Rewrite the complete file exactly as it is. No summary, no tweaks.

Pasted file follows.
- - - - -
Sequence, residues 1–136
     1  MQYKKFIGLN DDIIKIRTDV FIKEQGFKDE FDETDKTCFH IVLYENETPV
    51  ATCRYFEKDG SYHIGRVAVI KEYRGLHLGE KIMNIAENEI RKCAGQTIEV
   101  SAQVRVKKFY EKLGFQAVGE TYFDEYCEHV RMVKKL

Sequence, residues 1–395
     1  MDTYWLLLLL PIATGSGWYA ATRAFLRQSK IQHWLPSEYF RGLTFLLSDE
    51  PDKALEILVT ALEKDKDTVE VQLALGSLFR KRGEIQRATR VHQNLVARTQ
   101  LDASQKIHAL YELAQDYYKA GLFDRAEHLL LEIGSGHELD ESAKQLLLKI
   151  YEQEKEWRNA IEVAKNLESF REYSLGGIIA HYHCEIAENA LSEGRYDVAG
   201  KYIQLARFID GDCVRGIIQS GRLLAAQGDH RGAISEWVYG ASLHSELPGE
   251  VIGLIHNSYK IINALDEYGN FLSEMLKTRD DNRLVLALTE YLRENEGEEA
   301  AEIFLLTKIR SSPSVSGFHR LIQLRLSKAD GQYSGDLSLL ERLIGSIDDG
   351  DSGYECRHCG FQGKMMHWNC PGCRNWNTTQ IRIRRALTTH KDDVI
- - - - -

Sequence, residues 1–136
     1  MQYKKFIGLN DDIIKIRTDV FIKEQGFKDE FDETDKTCFH IVLYENETPV
    51  ATCRYFEKDG SYHIGRVAVI KEYRGLHLGE KIMNIAENEI RKCAGQTIEV
   101  SAQVRVKKFY EKLGFQAVGE TYFDEYCEHV RMVKKL

Sequence, residues 1–395
     1  MDTYWLLLLL PIATGSGWYA ATRAFLRQSK IQHWLPSEYF RGLTFLLSDE
    51  PDKALEILVT ALEKDKDTVE VQLALGSLFR KRGEIQRATR VHQNLVARTQ
   101  LDASQKIHAL YELAQDYYKA GLFDRAEHLL LEIGSGHELD ESAKQLLLKI
   151  YEQEKEWRNA IEVAKNLESF REYSLGGIIA HYHCEIAENA LSEGRYDVAG
   201  KYIQLARFID GDCVRGIIQS GRLLAAQGDH RGAISEWVYG ASLHSELPGE
   251  VIGLIHNSYK IINALDEYGN FLSEMLKTRD DNRLVLALTE YLRENEGEEA
   301  AEIFLLTKIR SSPSVSGFHR LIQLRLSKAD GQYSGDLSLL ERLIGSIDDG
   351  DSGYECRHCG FQGKMMHWNC PGCRNWNTTQ IRIRRALTTH KDDVI